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Subvert Gender Stereotype In Case Of Gone With The Wind Canada College Engl 100 Essay

1338 words - 6 pages

Subvert gender stereotype in case of Gone With the Wind 
Although the film Gone With the Wind is highly controversial with depiction of racial stereotypes, it is according to some critics more of “a study in gender roles, in what it means to be a man or a woman in the South” (Jones 105). The film sets on the Southern culture, a war’s losing side, during the Civil War. On the one hand, it is easy to think the film reinforces gender stereotypes by tightly prescribing gender roles to mask a patriarchy organized around the property, class, lineage and white supremacy. White women were put on pedestals; black women were sexually exploited to fulfill mother figures for their owner’s benefits. White men saw themselves as gallant rulers, and black men, as slaves, were treated contemptuously. On the other hand, such Southern culture and the powerful patriarchal elite both ended up in destruction while the main female character Scarlett O’Hara survived and flourished eventually. Hence, I believe that the movie Gone With The Wind subverts the gender stereotypy by describing the dissolution of the patriarchal society and the rise of the female character Scarlett, who railed against the socially constructed overemphasis on women’s appearance or manners and achieved independence with self-determination.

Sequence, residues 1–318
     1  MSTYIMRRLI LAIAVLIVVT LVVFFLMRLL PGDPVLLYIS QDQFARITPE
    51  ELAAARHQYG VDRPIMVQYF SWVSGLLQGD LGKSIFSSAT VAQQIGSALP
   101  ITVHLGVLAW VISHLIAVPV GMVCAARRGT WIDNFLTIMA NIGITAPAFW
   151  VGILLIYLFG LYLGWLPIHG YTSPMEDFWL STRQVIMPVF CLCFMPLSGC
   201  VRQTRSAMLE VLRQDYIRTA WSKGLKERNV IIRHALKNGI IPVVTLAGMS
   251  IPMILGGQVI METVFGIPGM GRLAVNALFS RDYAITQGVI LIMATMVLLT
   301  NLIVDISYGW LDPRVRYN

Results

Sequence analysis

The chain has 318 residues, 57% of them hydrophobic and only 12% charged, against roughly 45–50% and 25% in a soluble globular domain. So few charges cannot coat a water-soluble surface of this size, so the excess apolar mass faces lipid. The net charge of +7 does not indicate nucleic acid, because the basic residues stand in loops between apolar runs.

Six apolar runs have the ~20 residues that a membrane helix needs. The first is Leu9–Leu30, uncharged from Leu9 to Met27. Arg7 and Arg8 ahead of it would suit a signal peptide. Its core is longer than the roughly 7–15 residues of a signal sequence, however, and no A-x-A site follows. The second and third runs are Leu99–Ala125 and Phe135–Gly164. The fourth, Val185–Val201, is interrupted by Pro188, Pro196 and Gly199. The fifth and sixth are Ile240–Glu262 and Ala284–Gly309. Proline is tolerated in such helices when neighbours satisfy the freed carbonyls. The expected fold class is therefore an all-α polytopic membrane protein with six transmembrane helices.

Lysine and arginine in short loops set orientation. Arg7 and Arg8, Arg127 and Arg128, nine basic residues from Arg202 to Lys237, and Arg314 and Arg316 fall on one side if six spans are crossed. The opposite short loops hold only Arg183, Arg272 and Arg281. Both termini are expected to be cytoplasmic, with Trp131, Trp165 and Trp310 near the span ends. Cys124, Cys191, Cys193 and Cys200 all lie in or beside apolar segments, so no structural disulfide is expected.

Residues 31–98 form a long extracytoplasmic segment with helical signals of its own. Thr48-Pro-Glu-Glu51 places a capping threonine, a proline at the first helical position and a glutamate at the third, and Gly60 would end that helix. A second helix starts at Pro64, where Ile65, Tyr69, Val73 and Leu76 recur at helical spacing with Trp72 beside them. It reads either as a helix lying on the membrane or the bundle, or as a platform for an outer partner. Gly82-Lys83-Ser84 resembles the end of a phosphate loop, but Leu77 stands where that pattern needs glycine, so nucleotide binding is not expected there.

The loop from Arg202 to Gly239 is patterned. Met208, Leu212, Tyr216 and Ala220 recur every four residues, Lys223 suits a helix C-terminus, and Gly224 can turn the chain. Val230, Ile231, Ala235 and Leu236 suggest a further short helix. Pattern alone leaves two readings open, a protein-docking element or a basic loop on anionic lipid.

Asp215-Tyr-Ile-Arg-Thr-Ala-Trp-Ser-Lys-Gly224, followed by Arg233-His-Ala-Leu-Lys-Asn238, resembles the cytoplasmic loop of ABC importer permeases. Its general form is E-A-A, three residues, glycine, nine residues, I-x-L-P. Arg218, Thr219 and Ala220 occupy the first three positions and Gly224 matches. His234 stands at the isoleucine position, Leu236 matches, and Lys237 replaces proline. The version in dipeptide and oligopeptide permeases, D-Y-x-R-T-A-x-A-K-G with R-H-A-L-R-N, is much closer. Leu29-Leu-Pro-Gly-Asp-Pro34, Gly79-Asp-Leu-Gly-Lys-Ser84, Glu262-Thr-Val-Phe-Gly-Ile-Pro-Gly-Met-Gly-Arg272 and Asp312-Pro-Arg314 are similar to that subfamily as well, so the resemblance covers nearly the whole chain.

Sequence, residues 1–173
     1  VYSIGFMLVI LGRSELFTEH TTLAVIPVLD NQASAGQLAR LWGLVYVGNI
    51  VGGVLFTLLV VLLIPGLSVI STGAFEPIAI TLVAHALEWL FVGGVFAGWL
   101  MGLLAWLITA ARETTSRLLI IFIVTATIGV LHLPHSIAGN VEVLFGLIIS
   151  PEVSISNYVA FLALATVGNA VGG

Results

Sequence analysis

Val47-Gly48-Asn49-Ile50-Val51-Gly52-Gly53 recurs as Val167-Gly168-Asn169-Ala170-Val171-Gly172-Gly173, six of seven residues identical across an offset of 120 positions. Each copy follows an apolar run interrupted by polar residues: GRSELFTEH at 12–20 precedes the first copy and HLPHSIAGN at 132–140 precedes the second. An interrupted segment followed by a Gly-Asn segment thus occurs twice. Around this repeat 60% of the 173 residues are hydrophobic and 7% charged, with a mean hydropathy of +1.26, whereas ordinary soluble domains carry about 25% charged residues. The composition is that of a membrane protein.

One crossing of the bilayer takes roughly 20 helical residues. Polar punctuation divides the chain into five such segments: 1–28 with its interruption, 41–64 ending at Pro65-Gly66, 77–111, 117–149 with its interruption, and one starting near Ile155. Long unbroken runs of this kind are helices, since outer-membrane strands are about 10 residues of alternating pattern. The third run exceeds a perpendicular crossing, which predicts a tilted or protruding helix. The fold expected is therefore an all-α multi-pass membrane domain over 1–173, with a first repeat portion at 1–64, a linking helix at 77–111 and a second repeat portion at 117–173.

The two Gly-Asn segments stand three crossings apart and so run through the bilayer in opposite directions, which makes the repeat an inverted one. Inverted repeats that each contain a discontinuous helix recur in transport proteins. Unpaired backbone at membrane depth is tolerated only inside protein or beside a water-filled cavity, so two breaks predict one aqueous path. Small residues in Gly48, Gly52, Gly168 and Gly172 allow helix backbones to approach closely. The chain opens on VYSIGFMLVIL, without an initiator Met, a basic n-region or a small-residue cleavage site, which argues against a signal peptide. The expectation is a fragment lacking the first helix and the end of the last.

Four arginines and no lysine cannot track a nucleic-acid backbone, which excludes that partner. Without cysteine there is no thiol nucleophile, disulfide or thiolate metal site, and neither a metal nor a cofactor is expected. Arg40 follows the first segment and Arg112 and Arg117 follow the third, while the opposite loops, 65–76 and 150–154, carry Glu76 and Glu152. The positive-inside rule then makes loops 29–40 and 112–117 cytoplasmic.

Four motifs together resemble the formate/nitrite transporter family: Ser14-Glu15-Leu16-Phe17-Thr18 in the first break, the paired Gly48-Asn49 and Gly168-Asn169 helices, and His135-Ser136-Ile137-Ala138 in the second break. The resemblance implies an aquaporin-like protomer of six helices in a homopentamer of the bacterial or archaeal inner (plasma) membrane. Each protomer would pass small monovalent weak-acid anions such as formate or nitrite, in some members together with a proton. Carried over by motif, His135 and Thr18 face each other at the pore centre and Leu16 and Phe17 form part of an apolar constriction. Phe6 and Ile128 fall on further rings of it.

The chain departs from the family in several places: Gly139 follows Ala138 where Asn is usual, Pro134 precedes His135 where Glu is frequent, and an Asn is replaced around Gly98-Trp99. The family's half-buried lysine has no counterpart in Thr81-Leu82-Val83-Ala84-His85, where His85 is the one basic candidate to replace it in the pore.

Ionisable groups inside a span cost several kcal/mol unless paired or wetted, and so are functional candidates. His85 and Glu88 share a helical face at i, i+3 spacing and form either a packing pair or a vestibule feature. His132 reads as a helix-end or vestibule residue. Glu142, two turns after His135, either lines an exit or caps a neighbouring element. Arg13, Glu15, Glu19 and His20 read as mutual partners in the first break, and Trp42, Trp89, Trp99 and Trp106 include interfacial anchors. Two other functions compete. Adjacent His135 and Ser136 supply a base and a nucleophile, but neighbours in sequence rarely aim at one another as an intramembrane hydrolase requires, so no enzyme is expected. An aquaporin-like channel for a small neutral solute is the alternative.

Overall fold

The film subverts the male-as-conquering-hero myth as it describes the dissolution of old culture where the gender roles were tightly prescribed to mask a patriarchy organized around the property, class, lineage and white supremacy. To a large extent, the preservation of such ideology depends on the tightly prescribed gender and racial roles. At the central position to the South culture is the “Southern belle”, who mold their body into a stiff and slim cone-shape with whalebones inserted in the lining of outer garments and also bounded against individuality by social taboos. Being the model of Southern womanhood, Scarlett's mother, Ellen, accepts all the stereotypical female responsibilities as a traditional mom, always with a bit of darning or needlework in her hands and often worked as a nurse caring for the family. However when the world changes, this fine lady is no longer to fulfill her traditional hostess role and lost her life purpose in the post-bellum America. After writing to request Scarlett coming back to the rescue for years, Ellen dies at a crucial moment: when the war's end and before Scarlett's return. Such timing can be interpreted as both emphasizing Ellen’s helplessness when she lost her past glory and conveying the message that the ideals symbolized by Ellen, including those feminine, have become anachronistic. Melanie, like Ellen, is also stereotypically feminine. Unlike Scarlett, Melanie welcomes domesticity; she risks her own life twice in order to have children of her own. Dying while pregnant eventually, Melanie represents the ultimate woman, while her death enforces the diminishing destiny of the submissive wife and the radical...

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